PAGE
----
Interview with a Comrade from Iran

This interview was conducted on October 16th, 2022 and was slightly edited for clarity.


Paul Messersmith-Glavin: Tell us about yourself: where you’re from, and your relations with family and friends in Iran.

Comrade: I was born in Tehran. And I still have a lot of family in Iran, mostly in Tehran, but also in other towns.

Paul: What’s your perspective on the current regime? What’s your take on the Mullahs who took power following the 1979 revolution?

Comrade: My perspective is that they’ve been robbing the people and the land blind and holding life hostage for about forty-three years. And that it’s way overdue for them to go. And I think what they’re doing is also anti-Islamic, and it’s actually turning people away from Islam. Even the most devout families are now coming out against the regime; the mullahs hold zero legitimacy.

Paul: You’ve described the regime as being like a “death cult.” Can you elaborate on that? Can you talk a little bit more about their beliefs and the kind of society they’ve created?

Comrade: All Abrahamic religions are death cults, if you think about it. The anti-culture of death and war is all around us. In Iran, ashura is observed as a day of mourning with self-flagellation rituals where men beat themselves with chains into bloody pulps. The whole town, the whole country, shuts down for these elaborate blood rituals where men just beat themselves up. It was through death and war that they gained power, when they first came to power in the late seventies and early eighties. It was a time of popular resistance, with different movements working to overthrow the Shah, and the clerics came to power by playing up people’s fears about foreign meddling in the country’s affairs. They attempted to claim disputed territory in so-called Iraq, which started eight years of war, with millions of lives lost. It was the tears of the people and the blood of the youth that kept them in power. It’s in the cult of martyrdom with streets named after war martyrs. The regime used war as an excuse to tell people to shut up and not ask questions, and to create fear and repression and solidify their griphold. They’ve continued and amplified this pattern to where all that the people now have is death. Nothing but the promise of death as release.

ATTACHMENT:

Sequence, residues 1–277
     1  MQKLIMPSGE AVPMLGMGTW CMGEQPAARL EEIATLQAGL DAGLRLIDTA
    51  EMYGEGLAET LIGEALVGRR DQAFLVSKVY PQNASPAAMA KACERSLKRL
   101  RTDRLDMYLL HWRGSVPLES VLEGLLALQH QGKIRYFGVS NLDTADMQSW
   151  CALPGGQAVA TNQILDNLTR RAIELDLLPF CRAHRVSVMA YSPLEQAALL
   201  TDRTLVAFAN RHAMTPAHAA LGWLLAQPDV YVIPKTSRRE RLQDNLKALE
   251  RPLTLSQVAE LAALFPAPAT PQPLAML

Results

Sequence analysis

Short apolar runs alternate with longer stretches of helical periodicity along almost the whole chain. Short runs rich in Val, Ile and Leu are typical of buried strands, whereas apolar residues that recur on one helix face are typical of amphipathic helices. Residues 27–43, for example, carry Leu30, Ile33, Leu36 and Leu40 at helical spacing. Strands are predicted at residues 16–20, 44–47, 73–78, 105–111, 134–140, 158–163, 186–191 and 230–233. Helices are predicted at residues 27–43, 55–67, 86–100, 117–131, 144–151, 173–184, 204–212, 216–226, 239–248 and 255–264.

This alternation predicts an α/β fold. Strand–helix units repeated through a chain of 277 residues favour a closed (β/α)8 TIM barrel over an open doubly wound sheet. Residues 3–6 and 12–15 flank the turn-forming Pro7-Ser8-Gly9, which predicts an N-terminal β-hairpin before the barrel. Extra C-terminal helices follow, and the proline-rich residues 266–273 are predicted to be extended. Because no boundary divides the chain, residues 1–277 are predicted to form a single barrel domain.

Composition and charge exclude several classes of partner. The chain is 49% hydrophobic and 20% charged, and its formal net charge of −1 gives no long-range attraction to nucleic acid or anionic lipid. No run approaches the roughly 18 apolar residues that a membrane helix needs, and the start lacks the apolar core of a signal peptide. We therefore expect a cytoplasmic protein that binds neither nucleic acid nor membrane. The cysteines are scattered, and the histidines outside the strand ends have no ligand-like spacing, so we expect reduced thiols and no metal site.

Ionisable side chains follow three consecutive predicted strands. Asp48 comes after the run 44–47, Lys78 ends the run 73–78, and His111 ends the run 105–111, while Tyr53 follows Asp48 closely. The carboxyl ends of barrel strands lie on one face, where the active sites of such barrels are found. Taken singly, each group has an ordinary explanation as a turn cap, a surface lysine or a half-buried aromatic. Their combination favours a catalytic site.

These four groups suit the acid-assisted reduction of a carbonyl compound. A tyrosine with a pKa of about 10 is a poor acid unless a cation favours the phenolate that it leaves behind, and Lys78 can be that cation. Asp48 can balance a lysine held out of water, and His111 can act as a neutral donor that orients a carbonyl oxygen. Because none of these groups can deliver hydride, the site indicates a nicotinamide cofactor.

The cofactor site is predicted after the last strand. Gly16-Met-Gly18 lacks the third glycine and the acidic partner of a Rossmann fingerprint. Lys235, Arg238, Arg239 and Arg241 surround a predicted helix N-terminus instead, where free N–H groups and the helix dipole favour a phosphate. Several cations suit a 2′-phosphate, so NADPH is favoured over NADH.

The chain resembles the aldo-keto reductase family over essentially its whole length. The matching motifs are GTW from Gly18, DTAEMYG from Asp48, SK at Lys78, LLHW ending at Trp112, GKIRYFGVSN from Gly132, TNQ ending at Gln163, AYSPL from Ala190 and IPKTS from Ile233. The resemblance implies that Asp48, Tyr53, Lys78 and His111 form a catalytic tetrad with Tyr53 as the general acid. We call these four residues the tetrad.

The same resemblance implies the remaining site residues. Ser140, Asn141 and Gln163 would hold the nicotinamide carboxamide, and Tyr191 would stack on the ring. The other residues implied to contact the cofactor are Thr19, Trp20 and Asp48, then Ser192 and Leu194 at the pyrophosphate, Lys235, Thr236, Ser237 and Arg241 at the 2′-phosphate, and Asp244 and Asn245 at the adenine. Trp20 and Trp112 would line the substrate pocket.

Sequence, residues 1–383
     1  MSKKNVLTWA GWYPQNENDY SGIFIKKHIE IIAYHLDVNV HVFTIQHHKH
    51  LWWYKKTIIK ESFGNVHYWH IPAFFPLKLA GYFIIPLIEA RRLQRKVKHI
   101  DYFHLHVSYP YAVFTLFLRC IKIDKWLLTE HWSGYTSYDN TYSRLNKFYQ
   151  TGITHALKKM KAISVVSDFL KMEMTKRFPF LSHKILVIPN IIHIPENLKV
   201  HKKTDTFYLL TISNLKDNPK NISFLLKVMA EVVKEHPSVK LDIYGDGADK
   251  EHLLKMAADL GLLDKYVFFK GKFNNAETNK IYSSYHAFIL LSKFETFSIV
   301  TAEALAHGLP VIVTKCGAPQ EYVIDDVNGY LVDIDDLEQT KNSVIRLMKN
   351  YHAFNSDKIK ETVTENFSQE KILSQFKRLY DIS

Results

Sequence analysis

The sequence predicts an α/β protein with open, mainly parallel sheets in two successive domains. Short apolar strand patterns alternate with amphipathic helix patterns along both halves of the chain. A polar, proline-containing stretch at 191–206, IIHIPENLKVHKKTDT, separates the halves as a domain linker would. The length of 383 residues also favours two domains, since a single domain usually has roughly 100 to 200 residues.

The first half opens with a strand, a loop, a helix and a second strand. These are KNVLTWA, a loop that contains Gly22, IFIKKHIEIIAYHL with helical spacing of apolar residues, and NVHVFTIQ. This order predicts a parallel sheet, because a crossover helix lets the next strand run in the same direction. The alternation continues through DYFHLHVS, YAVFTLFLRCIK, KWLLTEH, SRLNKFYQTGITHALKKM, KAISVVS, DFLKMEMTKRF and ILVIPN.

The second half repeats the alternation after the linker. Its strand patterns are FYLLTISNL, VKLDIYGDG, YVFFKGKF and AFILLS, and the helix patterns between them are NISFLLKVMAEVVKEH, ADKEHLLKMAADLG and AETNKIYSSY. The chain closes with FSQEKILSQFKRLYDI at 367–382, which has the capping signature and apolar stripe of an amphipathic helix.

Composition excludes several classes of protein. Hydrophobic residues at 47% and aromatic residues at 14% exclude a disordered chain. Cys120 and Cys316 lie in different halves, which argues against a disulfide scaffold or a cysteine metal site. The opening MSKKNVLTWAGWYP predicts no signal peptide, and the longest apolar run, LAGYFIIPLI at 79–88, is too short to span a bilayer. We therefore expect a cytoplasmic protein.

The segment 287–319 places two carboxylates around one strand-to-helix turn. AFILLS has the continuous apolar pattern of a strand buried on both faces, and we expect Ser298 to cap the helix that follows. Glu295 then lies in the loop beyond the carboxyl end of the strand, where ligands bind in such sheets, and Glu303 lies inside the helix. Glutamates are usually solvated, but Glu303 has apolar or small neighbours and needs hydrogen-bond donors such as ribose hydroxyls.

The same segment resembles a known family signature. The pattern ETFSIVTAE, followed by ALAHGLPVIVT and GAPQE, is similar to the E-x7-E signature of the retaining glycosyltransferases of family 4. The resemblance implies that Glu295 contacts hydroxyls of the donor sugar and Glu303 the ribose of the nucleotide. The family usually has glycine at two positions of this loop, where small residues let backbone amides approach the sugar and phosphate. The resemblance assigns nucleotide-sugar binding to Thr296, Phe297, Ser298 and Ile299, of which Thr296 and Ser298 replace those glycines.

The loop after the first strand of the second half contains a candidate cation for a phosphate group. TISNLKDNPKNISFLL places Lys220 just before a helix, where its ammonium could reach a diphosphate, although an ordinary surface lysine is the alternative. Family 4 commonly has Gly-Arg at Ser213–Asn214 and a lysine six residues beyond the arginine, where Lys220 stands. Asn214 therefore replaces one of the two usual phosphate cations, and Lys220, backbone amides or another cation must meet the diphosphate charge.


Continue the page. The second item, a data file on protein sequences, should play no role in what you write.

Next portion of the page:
I think it’s really telling that one of the cries of the resistance is “Women, Life, and Freedom,” because they don’t exist. There’s no space in public discourse for women; women are not seen as full human beings, as full citizens, and there’s no place for life. If you want to thrive, to grow and excel in your life, you have to leave the country, because all that the country holds for you is death. They’re just done. And so, in order to live, in order to stand up, they have to counter it through active resistance. And at this point it’s just outright war.

Paul: So really, to enjoy life or find joy in daily life, is forbidden?

Comrade: Yeah, it is. You can’t laugh in public. You can’t show yourself in any kind of light or beauty, so women have to cover up everything and remain veiled in the shadows. For a long time, even men were made to cover up their arms. Any part of you that shows any kind of Shen, you know, the spark of life, other than in your eyes, has to stay covered. Why is that? Does Islam stand against beauty and life? They say that the veil is needed to protect women. And if the sheen of a woman’s hair arouses sexual yearning in a man, and the man then attacks her and rapes her, she’s blamed for it. They’ve created a culture of death and repression, neurosis and violence. It’s really sad. And we’re seeing little glimpses through the use of handheld cameras, and people uploading footage to show what the regime has been doing to them for decades, which is to hold the country hostage and force the people to behave in ways that no human being can do.

Our culture is about life and celebration. Iranian culture is full of beauty, intricacy, vibrant colors, music, dance, people gathering outdoors, partying and being loud, staying up all night, discussing all the things of life; causing a ruckus and enjoying life, but you can’t do any of that. When I was there, people would use even religious holidays as an excuse to get into the streets and cause a ruckus. Literally, any chance they had, people would drive around town honking their horns and being rowdy, because there was nothing else to do. There are no avenues for celebration or for passionate engagement in life, except through state mandated religious holidays and rituals. These performative shows of support for the regime, which many people actually get paid to participate in. The people who are supportive of the mullahs benefit directly from the regime. But for the masses of people, life is forbidden. Everything is forbidden. You can’t live life, especially if you are critically minded, or if you’re queer, or if you’re a woman, there’s no place for you in the society.